The breastfeeding relationship can be one of great significance to the mother. When there has been a pregnancy or neonatal loss, breastfeeding one’s subsequent child can take on even more meaning. But when the mother encounters difficulties, expected or unexpected, there is a potential for psychological consequences, including depression, anxiety, low self-esteem, and a subjective sense of not being a good enough mother. When there has been a baby or pregnant loss in the past, the loss of breastfeeding can compound what are already-complicated feelings of grief. The mother’s sense of guilt may be exacerbated and the thought of giving up breastfeeding may cause great distress. (There are some mothers who do feel relief, as well.) But for some, how one feeds one’s baby becomes very important and when a mother decided breastfeeding is important to her, losing it can be devastating.
First time mothers do not yet know whether breastfeeding will be successful. Second-time mothers may have a sense of how it will go depending on previous experience. However, there are times when there are unexpected problems with breastfeeding for all mothers. The degree to which a woman is invested in breastfeeding does not always mitigate some of the issues that may arise.
Common difficulties include low supply, engorgement, mastitis, plugged ducts, and thrush. A lesser-known difficulty, the focus of this post, is Dysphoric Milk Ejection Reflex, abbreviated as D-MER. If you haven’t heard of this condition, please keep reading.
D-MER stands for Dysphoric Milk Ejection Reflex, a condition that some women experience during breastfeeding. The definition of D-MER, according to the official website d-mer.org*, is “a condition affecting lactating women that is characterized by an abrupt dysphoria, or negative emotions, that occur just before milk release and continuing not more than a few minutes.”
It is caused by an abrupt drop in dopamine at the time of milk let-down. The website explains, “Milk release itself isn’t caused by dopamine dropping; it’s caused by oxytocin rising. In D-MER, the MER (milk ejection reflex) is a result of rising oxytocin (needed to move the milk out of the breast) but the D (dysphoria) is a result of inappropriately falling dopamine. Dopamine gets involved because it inhibits prolactin (which is what makes the milk) so dopamine levels need to drop for prolactin levels to rise in order to make more milk. Normally, dopamine drops properly and breastfeeding mothers never knew it even happened, in D-MER mothers however, it doesn’t drop properly and causes an instant and brief wave of a negative emotional reaction that lasts until the dopamine levels restabilize after prolactin has begun it’s rise.“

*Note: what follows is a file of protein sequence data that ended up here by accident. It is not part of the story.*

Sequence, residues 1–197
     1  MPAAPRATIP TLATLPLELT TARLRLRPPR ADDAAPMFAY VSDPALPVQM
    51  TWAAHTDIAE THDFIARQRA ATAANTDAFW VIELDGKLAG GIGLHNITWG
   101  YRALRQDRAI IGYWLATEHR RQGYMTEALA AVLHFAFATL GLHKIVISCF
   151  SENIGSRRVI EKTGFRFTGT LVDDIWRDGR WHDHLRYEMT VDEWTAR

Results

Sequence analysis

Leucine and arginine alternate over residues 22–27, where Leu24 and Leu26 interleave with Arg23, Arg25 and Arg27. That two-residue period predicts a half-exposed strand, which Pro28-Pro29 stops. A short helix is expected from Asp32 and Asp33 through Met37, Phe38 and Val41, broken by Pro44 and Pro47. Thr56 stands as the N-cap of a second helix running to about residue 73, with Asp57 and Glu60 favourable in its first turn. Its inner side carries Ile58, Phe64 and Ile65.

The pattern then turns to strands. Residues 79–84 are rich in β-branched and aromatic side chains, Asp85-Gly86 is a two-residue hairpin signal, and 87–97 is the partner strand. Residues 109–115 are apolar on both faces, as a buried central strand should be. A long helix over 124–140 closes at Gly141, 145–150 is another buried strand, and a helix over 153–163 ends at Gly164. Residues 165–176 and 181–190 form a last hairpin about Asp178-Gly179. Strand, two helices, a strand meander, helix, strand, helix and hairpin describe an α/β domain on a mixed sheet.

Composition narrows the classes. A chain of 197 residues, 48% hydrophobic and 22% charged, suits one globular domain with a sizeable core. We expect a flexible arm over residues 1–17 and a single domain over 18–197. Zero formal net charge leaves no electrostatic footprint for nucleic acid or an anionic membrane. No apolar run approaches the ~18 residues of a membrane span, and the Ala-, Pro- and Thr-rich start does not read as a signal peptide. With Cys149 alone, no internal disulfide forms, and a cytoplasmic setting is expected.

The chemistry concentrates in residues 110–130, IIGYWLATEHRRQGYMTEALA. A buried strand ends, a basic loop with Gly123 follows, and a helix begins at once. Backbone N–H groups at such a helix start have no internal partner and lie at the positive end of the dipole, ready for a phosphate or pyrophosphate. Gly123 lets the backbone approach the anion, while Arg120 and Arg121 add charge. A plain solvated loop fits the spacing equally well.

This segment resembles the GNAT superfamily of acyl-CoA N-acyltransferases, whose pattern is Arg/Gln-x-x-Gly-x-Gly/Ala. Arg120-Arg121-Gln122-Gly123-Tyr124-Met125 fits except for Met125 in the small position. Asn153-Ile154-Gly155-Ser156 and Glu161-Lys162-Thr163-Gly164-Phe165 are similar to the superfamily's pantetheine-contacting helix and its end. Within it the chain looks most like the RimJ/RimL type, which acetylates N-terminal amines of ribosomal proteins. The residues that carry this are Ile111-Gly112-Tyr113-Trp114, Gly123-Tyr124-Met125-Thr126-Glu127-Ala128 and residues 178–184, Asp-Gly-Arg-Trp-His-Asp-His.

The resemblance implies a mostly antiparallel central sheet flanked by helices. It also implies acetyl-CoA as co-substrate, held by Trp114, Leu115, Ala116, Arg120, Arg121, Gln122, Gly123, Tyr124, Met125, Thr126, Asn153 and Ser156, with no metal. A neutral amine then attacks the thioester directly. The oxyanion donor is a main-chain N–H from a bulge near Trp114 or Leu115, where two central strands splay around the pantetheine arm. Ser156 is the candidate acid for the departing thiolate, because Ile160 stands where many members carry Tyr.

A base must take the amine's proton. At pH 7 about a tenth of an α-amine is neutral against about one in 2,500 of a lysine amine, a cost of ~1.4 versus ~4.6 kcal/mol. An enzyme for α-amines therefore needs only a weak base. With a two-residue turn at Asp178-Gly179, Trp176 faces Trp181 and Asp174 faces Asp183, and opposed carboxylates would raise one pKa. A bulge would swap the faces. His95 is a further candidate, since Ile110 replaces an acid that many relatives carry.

I had D-MER while breastfeeding both of my daughters, but called it “The Wave of Despair” because I didn’t know it had a name. While experienced differently by women, many feel a plummeting of mood, depression, anxiety, or anger. Some describe the feeling as similar to homesickness. I felt like I was riding an emotional rollercoaster while sitting on my couch. For someone who hasn’t experienced this, it might be something like the experience of falling into an abyss while your playlist is stuck on Mazzy Star.
It is not the same as postpartum depression but certainly can contribute to it.
Some women will decide to give up breastfeeding due to D-MER. Others will push through despite the discomfort. Mothers often believe mistakenly that this medical condition is a psychological one. If a lactating mother tells a consultant or midwife, “I hate breastfeeding,” it might be assumed that she is experiencing one of the more well-known issues or it might be assumed that she simply has an aversion to breastfeeding.
When I did not know what D-MER was, I had few words to describe my experience. Furthermore, I assumed it was within the range of normal. I knew breastfeeding was tough and I knew that it was at times, painful, so I kept going. I struggled with low supply and thought it could be related. So I never asked anyone about these specific feelings. I basically ignored the feelings until the breastfeeding relationship ended. Because of my prior pregnancy loss, I wanted to love breastfeeding. When I didn’t, I felt disappointed in the experience but assumed it was normal and that I just had to “tough it out.” Had I known that I was dealing with a biological reflex I think the first few months with my subsequent baby would have been a little easier.
Education and awareness can help mothers immensely with managing the condition. Others may need to find a medication that increases levels of dopamine. For more information on D-MER, please go to d-mer.org which provides links to articles and blogs on this topic.
D-MER does not discriminate. It doesn’t care if you lost your previous baby or not. However, when a mother has D-MER after a loss, it can be extra difficult for her to feel good about her mothering. If she had hoped to breastfeed, this may be yet another loss for her and she will need extra support.
*d-mer.org is founded and managed by Alia Macrina Heise, IBCLC, the lactation consultant who first identified D-MER in 2007.